Let me tell you about a client from hell.

When I was employed in a small ad agency, we were working on a packaging project for a big company. The project was a test for our agency, to impress this very important client and prove ourselves in an industry we coveted but in which we were inexperienced.

We spent a lot of time working on concepts for the package, with dozens, perhaps hundreds of different directions, variations, and sub-variations. When the time came to present, we whittled our selection down to our best ones and put them in the deck. 

Our job as creative professionals is not making things, but guiding the people we make stuff for through the creative process. This guide mindset takes us away from desperate, starving artists to empowered and empowering collaborators.

Finally, presentation day came. We passed around printouts of the concepts to everyone at the meeting. We had intended to go through each one by one. What happened next shocked us. With printouts in hand, she quickly shuffled through the pages, throwing each one to the floor as she said, “No … Nope … Uh-uh … Not this one …” You’re probably thinking exactly what I thought at the time: Who does that? 

It was like a really bad reality TV show. It was unbelievably rude.

We had poured so much into the work, and she didn’t even try to be civil about her disappointment. Surely, a reasonable and constructive conversation could have come out of the meeting. Instead, she completely disrespected us and disregarded our efforts. To my surprise, the others sitting around the table just sat there and took it. I had to bite my tongue so hard I almost swallowed it. I remember thinking that if she were my direct client, I would have fired her on the spot. And given her a piece of my mind.

I realized something important that day. The people I worked for were constantly in a state of fear of their clients. They feared pushing back or saying no for fear that they’d lose their business. This fear mindset permeated so much of how we operated as a creative company. In hindsight, I can see why I constantly felt like I had to fight my own team where it came to championing good creative work.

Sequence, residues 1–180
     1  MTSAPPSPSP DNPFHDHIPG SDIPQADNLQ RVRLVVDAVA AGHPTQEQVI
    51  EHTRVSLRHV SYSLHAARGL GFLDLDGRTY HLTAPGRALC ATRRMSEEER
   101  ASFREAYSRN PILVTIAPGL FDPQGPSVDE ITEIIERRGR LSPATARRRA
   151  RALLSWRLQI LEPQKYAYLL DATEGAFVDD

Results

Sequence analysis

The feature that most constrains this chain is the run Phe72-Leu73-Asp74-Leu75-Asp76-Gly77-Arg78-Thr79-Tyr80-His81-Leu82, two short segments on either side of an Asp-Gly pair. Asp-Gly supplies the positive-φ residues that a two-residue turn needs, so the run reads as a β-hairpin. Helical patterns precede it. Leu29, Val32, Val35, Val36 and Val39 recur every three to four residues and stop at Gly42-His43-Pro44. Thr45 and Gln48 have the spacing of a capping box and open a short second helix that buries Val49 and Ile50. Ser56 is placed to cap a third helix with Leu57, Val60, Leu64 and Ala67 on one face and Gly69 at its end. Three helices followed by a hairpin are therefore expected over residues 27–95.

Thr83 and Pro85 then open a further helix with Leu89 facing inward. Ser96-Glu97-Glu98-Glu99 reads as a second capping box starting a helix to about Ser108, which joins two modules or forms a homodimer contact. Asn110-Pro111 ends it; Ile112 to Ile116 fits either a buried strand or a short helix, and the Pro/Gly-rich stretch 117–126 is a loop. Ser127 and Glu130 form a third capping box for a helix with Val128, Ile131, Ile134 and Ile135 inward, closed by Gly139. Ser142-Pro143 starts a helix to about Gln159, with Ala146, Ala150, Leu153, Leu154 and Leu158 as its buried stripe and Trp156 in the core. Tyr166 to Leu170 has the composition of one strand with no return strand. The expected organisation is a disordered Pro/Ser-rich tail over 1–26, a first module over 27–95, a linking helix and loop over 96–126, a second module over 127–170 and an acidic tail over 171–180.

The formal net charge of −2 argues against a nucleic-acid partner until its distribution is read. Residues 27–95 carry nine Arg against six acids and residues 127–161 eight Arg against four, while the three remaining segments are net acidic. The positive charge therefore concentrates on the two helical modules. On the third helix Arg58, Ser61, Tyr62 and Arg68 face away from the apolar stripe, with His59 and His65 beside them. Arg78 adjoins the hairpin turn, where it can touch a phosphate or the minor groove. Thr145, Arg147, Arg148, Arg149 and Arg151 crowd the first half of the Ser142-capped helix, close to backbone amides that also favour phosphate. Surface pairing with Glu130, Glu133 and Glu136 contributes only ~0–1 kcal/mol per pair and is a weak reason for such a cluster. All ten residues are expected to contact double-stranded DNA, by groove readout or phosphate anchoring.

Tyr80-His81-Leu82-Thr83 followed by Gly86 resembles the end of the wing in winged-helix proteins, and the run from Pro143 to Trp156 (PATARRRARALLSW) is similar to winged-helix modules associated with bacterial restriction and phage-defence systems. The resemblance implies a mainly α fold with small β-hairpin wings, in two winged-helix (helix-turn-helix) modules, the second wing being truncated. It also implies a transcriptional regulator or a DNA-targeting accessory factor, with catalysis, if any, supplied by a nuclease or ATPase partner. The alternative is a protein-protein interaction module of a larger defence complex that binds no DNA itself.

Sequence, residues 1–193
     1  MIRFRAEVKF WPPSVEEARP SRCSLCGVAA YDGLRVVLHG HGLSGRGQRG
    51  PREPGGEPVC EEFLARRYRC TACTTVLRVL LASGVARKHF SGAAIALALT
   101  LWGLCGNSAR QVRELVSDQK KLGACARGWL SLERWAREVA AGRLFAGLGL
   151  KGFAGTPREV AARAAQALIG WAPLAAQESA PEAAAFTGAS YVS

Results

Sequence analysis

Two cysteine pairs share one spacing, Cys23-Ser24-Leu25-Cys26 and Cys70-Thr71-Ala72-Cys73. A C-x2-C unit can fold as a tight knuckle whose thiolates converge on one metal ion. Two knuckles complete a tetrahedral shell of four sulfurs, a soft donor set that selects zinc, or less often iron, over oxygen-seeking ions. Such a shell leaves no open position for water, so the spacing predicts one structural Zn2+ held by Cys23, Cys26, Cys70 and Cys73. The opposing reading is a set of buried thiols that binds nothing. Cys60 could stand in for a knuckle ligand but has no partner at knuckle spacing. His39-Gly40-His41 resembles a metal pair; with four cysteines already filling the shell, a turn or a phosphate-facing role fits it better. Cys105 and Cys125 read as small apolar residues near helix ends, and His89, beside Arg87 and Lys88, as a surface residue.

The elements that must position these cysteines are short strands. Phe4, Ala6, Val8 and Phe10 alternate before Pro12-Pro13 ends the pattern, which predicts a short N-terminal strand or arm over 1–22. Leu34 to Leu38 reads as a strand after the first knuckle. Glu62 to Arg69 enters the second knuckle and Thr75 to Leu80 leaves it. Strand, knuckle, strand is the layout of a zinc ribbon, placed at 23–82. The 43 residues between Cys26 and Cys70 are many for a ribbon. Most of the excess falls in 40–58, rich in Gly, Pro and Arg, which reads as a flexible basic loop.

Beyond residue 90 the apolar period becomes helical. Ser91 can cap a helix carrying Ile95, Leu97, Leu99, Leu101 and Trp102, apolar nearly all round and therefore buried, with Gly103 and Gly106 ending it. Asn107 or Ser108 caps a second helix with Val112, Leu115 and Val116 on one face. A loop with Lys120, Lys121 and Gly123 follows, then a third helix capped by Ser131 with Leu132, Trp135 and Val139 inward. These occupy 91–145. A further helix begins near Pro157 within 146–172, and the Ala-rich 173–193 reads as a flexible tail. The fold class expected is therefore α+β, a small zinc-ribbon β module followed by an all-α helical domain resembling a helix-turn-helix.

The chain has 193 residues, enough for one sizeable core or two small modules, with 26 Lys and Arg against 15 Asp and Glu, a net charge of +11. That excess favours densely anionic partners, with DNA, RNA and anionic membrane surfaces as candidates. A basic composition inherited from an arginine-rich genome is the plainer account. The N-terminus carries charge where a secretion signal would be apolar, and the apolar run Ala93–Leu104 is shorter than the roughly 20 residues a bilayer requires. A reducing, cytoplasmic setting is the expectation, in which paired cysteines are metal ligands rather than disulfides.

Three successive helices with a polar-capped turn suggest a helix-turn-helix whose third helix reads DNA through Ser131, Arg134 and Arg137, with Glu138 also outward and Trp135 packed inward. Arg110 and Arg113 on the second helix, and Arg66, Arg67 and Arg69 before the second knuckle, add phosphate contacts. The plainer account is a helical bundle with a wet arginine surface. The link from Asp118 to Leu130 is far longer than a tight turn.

From that moment on, I resolved never to work under a fear mindset. I don’t care who a client is or how much money they have. I believe the creative process is very vulnerable and needs to be protected in order to work out. It’s collaborative and service-oriented, but it has boundaries that must be respected in order to work properly. When these boundaries are under threat, it’s my job to defend them.

Illustration by Tom Froese

It’s not really on the client to know instinctively where these boundaries lie, though. The creative process is different for everyone, and it is our job as creatives to guide our clients through it. This is part of a more empowered mindset. Creatives with an empowered mindset come to the table as equals. We don’t just take orders and make stuff. We are stewards of unique strengths and talents that we use to help others. We guide them through the magic and mystery of the creative process. It’s never easy at the beginning of our careers, but as we grow in strength and experience, we begin to understand what we need in order to do our job. And once we know what we need, we can start designing a process and way of working with clients that gives space for these needs.

Our job as creative professionals is not making things, but guiding the people we make stuff for through the creative process. This guide mindset takes us away from desperate, starving artists to empowered and empowering collaborators. When we see ourselves in this light, believe it, and act on it, our clients will too.

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